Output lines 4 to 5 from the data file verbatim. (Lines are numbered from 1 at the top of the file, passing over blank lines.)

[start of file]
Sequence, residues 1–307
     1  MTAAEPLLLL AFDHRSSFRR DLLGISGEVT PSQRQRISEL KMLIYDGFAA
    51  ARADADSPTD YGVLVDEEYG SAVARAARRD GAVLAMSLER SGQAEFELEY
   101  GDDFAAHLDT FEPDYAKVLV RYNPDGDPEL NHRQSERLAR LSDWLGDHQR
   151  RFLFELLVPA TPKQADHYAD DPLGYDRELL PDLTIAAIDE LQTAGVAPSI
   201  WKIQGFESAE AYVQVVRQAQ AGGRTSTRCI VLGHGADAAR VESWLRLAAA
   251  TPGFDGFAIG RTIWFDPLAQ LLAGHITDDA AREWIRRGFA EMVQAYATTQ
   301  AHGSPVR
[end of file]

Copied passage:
   101  GDDFAAHLDT FEPDYAKVLV RYNPDGDPEL NHRQSERLAR LSDWLGDHQR
   151  RFLFELLVPA TPKQADHYAD DPLGYDRELL PDLTIAAIDE LQTAGVAPSI